Rivvr is looking to cut the cords with its hardware solution that will provide wireless play to both the Oculus Rift and HTC Vive. I had a chance to take an exclusive first look at the device from the YC-backed company and pop on a VR headset to see how well it works.
Unlike other devices which are aiming to send the entire raw HDMI signal over the air, Rivvr uses its proprietary tech to compress the much smaller video feed from the PC, sending just about 40-80 mbps of video signal over the air. The device weighs around 300 grams, but really doesn’t make the headset feel any heavier as there are no longer any heavy cords pulling on the back of the headset.
How did it all actually feel? Liberating. The wires have been one of the most annoying limiting factors of VR immersion as of late, it’s not the biggest deal breaker, but it’s certainly something that there’s a demand to fix.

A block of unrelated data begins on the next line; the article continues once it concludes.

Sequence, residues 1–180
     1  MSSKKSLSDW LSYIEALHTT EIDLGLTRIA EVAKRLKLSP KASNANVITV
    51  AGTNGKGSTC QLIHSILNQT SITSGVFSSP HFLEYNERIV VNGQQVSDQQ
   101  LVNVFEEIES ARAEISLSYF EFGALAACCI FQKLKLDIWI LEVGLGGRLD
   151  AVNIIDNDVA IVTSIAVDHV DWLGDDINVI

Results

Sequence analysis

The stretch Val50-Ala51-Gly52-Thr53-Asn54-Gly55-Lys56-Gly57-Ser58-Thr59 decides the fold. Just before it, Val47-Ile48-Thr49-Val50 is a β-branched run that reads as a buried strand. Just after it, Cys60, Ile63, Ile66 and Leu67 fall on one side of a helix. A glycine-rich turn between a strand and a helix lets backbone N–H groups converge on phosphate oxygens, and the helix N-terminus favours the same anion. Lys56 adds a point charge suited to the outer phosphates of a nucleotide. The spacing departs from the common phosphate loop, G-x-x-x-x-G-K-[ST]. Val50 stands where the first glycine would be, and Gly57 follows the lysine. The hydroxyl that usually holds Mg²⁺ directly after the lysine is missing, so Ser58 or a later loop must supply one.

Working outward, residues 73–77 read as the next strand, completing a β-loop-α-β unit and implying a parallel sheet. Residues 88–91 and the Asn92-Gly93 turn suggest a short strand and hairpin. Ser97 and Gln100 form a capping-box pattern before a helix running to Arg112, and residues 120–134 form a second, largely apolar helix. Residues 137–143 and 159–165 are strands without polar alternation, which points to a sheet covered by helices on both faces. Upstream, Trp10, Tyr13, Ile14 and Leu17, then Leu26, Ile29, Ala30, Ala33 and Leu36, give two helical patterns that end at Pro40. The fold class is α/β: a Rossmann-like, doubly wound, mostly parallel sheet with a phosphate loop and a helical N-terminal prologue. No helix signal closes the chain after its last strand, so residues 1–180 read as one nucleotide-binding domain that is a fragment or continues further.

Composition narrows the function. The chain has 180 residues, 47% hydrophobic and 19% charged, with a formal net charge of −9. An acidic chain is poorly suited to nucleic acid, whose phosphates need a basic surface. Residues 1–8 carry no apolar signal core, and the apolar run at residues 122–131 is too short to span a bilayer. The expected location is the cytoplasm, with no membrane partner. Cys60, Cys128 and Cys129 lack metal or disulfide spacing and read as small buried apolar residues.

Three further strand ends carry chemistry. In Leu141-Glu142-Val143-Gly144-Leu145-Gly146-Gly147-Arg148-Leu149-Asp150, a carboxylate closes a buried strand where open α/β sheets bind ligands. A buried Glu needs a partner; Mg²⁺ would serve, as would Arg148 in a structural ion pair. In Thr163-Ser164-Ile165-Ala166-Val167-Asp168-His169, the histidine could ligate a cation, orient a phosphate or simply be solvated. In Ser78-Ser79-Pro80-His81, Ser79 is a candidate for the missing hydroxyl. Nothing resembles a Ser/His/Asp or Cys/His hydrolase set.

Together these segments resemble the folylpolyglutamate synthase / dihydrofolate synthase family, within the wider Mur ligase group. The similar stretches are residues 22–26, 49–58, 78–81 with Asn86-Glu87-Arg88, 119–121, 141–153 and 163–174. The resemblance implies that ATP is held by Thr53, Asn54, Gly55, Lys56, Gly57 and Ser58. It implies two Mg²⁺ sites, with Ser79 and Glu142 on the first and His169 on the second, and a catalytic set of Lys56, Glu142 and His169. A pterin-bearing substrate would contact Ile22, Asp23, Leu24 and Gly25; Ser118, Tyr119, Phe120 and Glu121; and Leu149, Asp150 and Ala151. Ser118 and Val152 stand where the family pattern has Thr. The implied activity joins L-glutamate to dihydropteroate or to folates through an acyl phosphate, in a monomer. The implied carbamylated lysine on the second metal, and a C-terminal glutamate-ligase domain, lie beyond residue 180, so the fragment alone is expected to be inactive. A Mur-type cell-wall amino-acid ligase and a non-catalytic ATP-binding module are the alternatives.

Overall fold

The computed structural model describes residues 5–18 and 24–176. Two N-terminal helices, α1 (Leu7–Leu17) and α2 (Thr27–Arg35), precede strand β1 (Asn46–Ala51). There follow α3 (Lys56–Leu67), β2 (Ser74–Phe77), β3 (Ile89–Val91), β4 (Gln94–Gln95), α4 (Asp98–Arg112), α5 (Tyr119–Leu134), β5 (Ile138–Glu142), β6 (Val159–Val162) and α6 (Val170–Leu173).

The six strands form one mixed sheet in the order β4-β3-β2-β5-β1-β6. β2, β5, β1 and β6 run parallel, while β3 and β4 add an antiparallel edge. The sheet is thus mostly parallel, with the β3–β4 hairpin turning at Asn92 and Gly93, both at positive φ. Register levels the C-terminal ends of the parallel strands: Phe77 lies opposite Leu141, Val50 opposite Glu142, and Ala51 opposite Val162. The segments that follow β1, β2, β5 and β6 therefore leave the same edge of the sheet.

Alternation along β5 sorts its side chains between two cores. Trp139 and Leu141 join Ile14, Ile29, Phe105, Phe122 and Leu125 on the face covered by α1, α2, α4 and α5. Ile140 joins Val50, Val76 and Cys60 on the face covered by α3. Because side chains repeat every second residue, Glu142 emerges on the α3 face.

There are still some kinks in terms of connection, this is very much a tough solution to crack. The increased tracking latency, which the team claims it has gotten down to 11ms, wasn’t noticeable in the slightest during my short demo time spent between Tilt Brush and Fruit Ninja. Over the course of a few minutes, I had a couple signal drops where the image digitally fractured though the tracking never hiccuped. This isn’t a device you’re going to get sick using but there are still some issues that need to be addressed.
Rivvr is a hardware startup spun out from the YC-backed startup Sixa, a company that’s selling monthly access to powerful cloud computers. The Rivvr team is hoping to use the combined technologies to one day beam virtual reality content to a user’s headset using Sixa’s high-specced cloud computers.
Limits in the current infrastructure of American internet service providers make this a bit difficult, but the team sees cloud computing as an essential evolution that will drive these upgrades moving forward in the next few years. It will be interesting to see whether service providers can keep up with the speed of hardware development, especially as VR headsets glance towards a future where each eye has a 6K display powering it.
Pricing isn’t totally set for the wireless device yet, though CEO Mykola Minchenko says we will hear more at CES next month. The company did detail that it is probably planning to offer the device in the $200-$300 range in two models sporting 3 hour and 6 hour battery lives respectively. Minchenko says the device will ship by the end of spring 2017.